Please allow two guest speakers, Randy R. Noka (Narragansett Tribal Councilman) and Dr. Elizabeth Hoover (Assistant Professor of American Studies at Brown University) 5 minutes each to speak at the ordinance committee meeting.
Please have someone from the City of Providence (e.g. Finance Department) present who is knowledgeable about the different accounts held and the ease of moving the different accounts to banks that don’t support the Dakota Access Pipeline.
We request the language of the ordinance be amended to state “terminate accounts with banks that provided loans to the Dakota Access Pipeline, or open lines of credit to the companies that own the pipeline during the time period of design and construction”. In the case of Providence that includes Citizens Bank, Bank of America and JP Morgan Chase.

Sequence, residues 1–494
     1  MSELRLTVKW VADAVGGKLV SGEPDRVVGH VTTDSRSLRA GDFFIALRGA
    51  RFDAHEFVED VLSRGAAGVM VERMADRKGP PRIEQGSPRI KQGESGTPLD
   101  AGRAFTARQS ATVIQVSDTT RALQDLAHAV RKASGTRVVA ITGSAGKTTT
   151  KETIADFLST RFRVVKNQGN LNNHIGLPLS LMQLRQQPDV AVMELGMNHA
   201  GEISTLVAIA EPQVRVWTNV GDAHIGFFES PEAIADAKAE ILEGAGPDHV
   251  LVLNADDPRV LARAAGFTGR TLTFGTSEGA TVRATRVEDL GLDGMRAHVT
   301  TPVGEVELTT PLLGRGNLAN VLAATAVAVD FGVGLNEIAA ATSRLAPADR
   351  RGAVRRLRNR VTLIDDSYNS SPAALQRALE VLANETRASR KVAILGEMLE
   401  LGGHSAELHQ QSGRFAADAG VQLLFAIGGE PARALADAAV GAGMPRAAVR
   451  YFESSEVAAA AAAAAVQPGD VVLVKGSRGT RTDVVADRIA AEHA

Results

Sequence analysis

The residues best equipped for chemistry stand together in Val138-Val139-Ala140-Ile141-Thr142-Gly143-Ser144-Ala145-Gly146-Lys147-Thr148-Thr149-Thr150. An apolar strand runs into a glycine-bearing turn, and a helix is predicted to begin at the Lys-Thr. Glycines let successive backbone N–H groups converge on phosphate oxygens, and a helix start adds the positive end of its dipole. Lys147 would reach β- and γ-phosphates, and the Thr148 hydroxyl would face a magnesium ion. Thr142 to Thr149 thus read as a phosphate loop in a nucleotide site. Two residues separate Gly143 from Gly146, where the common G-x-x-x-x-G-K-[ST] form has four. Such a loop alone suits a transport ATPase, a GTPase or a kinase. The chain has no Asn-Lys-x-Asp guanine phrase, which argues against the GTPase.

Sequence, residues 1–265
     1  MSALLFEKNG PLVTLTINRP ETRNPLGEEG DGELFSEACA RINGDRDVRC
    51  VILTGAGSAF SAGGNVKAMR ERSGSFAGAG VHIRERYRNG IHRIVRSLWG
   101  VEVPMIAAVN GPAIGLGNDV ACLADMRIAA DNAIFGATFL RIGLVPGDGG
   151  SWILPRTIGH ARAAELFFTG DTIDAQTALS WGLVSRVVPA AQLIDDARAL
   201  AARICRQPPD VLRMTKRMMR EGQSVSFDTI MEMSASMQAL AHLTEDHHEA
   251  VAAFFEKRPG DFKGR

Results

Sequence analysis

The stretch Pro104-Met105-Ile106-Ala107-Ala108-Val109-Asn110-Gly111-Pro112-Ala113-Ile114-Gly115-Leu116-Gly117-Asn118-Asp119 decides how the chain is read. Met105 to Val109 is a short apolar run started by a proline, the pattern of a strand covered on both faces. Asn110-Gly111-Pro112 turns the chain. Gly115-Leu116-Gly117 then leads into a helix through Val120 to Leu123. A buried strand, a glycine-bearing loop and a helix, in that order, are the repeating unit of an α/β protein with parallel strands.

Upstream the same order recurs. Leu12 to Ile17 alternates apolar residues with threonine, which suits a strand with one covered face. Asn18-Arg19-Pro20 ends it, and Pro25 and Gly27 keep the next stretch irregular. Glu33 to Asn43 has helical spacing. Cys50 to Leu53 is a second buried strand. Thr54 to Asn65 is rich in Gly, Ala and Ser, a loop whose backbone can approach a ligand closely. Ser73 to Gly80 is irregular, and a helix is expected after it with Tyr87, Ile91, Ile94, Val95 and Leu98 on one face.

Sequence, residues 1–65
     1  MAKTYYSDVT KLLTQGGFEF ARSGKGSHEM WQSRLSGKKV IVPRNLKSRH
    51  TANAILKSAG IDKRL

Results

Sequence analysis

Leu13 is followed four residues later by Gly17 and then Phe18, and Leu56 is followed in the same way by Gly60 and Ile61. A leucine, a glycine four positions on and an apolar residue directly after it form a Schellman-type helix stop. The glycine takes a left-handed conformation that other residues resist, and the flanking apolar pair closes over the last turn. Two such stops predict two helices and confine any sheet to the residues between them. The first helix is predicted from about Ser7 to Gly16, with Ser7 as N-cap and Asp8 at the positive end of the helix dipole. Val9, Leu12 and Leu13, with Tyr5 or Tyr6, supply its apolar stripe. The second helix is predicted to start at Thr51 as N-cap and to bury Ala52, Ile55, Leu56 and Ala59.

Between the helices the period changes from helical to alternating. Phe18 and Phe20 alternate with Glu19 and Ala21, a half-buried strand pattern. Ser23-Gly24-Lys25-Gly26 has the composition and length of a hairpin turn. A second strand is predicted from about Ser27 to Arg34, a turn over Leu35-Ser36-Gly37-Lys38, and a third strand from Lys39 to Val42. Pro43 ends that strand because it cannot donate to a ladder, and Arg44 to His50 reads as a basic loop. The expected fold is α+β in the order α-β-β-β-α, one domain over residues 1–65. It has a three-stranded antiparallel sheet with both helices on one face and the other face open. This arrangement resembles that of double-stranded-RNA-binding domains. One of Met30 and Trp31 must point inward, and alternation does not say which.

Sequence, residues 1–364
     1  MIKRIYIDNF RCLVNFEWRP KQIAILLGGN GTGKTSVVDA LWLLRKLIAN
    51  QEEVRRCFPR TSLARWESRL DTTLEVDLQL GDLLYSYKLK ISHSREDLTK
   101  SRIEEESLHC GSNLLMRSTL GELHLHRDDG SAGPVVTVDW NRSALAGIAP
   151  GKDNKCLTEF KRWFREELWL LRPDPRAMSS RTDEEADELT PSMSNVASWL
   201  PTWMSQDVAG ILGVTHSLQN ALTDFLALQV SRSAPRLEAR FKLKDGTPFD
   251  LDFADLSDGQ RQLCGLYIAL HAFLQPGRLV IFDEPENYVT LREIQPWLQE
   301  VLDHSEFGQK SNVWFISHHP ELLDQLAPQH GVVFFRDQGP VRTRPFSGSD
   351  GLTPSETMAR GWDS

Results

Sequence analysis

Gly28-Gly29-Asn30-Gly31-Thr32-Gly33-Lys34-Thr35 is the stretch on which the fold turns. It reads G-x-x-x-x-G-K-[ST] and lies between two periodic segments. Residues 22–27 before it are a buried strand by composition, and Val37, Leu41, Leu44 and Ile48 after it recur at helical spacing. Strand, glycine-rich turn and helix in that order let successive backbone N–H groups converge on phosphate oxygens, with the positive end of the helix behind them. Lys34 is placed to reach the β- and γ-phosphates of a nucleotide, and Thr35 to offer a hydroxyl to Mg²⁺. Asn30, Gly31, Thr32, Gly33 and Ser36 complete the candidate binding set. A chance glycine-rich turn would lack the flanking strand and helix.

We request that the ordinance is amended to state “gives preference to local banks that don’t finance fossil fuel infrastructure and credit unions based in Rhode Island,” to prevent future atrocities and to improve the local economy.
If the City of Providence needs more time to research accounts to hold a regular ordinance committee meeting before April 6, please hold a public hearing to gauge the public’s support/opposition to the amendment prior to April 6.
If a committee member wishes to expand the amendment to include other unethical practices, Seattle [City Councilor] Kashama Sawant’s office is open to speaking with [Providence city councilors] about Seattle’s ordinance.